61 If St. Paul had been asked before he left Jerusalem for Da. mascus by one of those despised Christians whom he was now on his way to persecute, “ What proof do you require to convince you that Jesus is the Messiah ?" it is not improbable that he would have replied, “I demand that evidence which was given to my fathers, the evidence of the manifested Shecbinah, the presence of the angel Jehovah, and tbe audible voice from beaven.” From education, reason or prejudice, we all generally adopt some criterion of truth, to which every proposition is brought. This was his criterion : and what must have been the feelings of this relentless persecutor, when the very evidence he required was vouchsafed to him—when He, the despised, the insulted, the crucified Jesus, in the glory of the Shecbinab- from heaven itself-reproved the blindness of his zeal, and convinced him that the same holy Being who had suffered on the cross, was the angel Jehovah, the long expected Messiah of the Jews. The simple words “ I am Jesus, whom thou persecutest,” how severely must they have penetrated and wounded the heart of this zealous offender. In a moment, he was overwhelmed, and convicted of the excessive guilt of his conduct, and the majosty of the God of bis fathers. The blindness that was inflicted upon him was typical of that spiritual darkness which was the cause and origin of his crime; it was a trial of his faith and repentance; and his recovery from it was intended to prove to him and to the world, that a man is in darkness and the shadow of death, till be bas received that true light which lighteth every man that cometh into the world. The scales which had concealed from his view the glorious light of the Gospel of Christ, fell from his eyes-be saw and believed, and the Holy Ghost gave him power to discern spiritual things.
How fearfully will the song of Israel mourn and lament, when this holy Being shall again reveal himself from heaven in the glory of the Shecbinah, and reprove them for their want of faith and hardness of heart. The history of St. Paul offers them the highest hopes and consolations ; it shadows out to them the darkness of their spiritual state, the necessity of a baptism of repentance, and the forsaking of their former sins and errors, and the restoration of their sight. At his second coming the glory of Israel shall be made known unto them their hearts sball be changed, and they shall look on Him whom they have pierced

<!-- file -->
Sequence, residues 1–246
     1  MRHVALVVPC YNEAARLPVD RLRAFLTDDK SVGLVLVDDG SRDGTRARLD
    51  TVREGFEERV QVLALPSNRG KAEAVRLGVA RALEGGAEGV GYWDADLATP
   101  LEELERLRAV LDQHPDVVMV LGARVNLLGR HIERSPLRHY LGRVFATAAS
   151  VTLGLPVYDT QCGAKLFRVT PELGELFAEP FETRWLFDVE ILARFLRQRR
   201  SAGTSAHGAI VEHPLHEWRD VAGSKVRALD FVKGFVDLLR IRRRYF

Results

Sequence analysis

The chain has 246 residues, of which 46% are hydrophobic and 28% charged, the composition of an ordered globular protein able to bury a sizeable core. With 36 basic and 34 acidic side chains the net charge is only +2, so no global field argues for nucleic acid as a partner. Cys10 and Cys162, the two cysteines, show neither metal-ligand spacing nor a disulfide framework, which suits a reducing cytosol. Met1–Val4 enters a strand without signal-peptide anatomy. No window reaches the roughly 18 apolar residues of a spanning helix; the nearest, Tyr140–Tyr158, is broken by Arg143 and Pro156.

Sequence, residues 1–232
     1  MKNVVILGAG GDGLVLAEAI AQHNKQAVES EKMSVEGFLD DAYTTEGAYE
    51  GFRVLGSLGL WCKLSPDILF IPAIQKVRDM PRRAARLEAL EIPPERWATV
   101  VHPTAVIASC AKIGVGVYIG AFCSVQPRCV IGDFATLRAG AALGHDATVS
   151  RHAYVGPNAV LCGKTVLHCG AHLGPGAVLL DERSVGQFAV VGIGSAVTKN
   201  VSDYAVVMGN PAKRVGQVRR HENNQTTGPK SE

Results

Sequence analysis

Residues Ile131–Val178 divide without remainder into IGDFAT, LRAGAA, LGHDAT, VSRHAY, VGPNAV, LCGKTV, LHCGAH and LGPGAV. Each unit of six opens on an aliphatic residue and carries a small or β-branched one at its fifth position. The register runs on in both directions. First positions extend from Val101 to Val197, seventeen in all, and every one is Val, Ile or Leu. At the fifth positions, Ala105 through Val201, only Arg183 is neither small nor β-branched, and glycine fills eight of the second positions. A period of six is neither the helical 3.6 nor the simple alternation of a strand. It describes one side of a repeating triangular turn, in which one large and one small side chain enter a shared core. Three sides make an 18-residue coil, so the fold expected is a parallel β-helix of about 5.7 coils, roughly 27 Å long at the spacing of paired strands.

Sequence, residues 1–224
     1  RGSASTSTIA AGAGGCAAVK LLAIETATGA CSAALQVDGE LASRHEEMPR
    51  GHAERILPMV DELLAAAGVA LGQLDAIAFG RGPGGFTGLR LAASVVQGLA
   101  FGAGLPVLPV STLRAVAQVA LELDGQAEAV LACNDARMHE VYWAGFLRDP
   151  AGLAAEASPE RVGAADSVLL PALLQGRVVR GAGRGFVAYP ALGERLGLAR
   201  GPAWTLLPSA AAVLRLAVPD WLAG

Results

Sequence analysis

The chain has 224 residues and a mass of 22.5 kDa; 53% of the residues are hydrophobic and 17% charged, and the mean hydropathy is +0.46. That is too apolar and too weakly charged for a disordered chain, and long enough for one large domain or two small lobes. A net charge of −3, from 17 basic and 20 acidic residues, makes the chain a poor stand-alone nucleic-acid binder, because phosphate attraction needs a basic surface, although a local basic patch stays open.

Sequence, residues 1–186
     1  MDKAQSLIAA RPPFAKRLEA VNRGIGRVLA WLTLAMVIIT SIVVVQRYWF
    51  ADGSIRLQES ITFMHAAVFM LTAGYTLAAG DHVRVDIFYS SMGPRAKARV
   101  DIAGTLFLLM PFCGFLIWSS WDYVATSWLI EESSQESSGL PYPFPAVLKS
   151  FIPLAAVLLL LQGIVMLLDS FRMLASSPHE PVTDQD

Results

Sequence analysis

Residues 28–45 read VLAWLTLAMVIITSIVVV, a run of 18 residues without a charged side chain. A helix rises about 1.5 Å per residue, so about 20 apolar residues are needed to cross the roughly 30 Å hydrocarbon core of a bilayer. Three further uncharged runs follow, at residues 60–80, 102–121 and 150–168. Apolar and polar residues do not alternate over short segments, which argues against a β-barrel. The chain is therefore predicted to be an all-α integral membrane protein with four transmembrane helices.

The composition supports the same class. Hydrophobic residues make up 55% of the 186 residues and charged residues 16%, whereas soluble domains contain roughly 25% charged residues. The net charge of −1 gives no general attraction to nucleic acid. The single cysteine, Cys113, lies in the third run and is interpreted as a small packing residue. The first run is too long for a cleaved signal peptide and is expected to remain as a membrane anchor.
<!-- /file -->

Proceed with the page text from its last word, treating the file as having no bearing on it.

Dr. Barrington and Whitby are of opinion that St. Paul did not now see our Lord. The former derives his argument from the expression (ver. 5.) “ Who art thou, Lord?” Whitby observes, that in the Old Testament men are often said to bave seen the Lord, when they only saw the glory, the symbol of his
Jalian Pe- 4 And he fell to the earth, and heard a voice saying Near Dariod, 4748. unto him, Saul, Saul, why persecutest thou me?
mascus. Vulgar Æra, 35.
presence, (Exod. xxiv. 10-12. Deut. iv. 12. 15.) and that in the
Now it is to be observed, that this appearance of Jesus, Paul
But not being able to endure the splendour of his appearance, or perhaps the better to express his reverence, he fell to the earth anew, and remained before him in that posture, till Christ ordered him to arise a second time, and go into the city, where it should be told him what he was to do, (Acts is. 6.) Then it was that on opening his eyes be found himself absolutely blind. This I suppose is a better account of Saul's seeing Jesus, after bis resurrection, than with some to affirm, that he saw him in his trance in the temple, or in bis rapture into the third heaven, for on neither of these occasions did Saul see Jesus witb his bodily eyes; the impression at these times having been made opon his mind by the power of Christ, and not by means of his
Jalian Pe- 5 And he said, Who art thou, Lord ? And the Lord Near Damad, 4718. said, I am Jesus whom thou persecutest: it is hard for mascus.
thee to kick against the pricks 03.
It cannot be necessary to discuss here the absurd hypothesis
That St. Paul was neither a hypocrite, an enthusiast, nor a dupe, has been too admirably proved by Lord Lyttelton to require further illustration.
(a) Sed quo modo visus est Jesus? An per abgelam, vices ejus sus. tinentem? Nequaquam. Neque enim angeli est ea sibi verba sumere quæ propria sant Jesu. An in symbolo, quo modo Israelitæ Deum viderunt ad montem Sinai ? Non sufficit. Au in visione at Jesaias ? Nec hoc satis facit. An oculis corporis ? Sic arbitror. Debuit enim Paulns hoc quoque apostolatus sui argumentum habere, quod Christum, in persona, quod aiunt, oculis suis conspexerit. Ceteram ubi unc Christus ? An in cælo? an in ære viciniore? Equidem nescio. Nam quod Act iii. 21. dicitur, quem oportet cæli capiant usque ad tempora restitutionis omnium, intelligi potest de ordinaria Jesu in cælis mansione : qua non impeditur tamen quo minus per extraordinariam aliqnam economiam, in nerem terræ viciniorem ad exiguum tempas descenderit. Sed et in cælis manens videri Paulo potuit, per miraculosam facultates elevationem, remotisqae Dei virtute omnibus impedimentis, quo modo Stephanus naper in terra positus, cælis apertis, vidit Jesum stantem ad dexteram Patris, Act vii. 55. Qua luce significabatur gloria apparentis Cbristi, qui est stella illa matatina, oriens ex alto, sol justitiæ, lux ad illaminationem gentium, et gloriam popoli Israelitici; et qui se luce veluti amictu operit. In ea luce, ipse se conspiciendum præbebat Jesus. Sic enim Paulo Ananias, Act ix. 17. rursus xxii. 14. et Jesus ipse Act xxvi, 13. els roūTo úpony col.-Witsii Meletem, Leidens. de Vit. Pauli, p. 17.-Macknight on the Epistles, vol. vi. p. 416...Kuinoel in lib. Hist. N. T. vol. iv. p. 323.-Doddridge's Family Expositor.--Dr. A. Clarke, and Whitby in loc.
62 The expression here used is supposed by some to be proverbial, signifying the injury and hurt they are likely to receive who resist superior power, more especially as relating to God. To confirm this opinion, many classical authors are referred to. Euripides in Bacch. 5. 794, Columella de re rustica 2,2. 26, &c. and Pindar Pyth, 2. 173. who asserts we must not contend against God, but bear the yoke he puts on our neck mildly, and not kick against the goads; that is, remarks the Scboliast, not to fight against God, being only men. The great Bochart rejects the idea tbat the expression is derived from any other au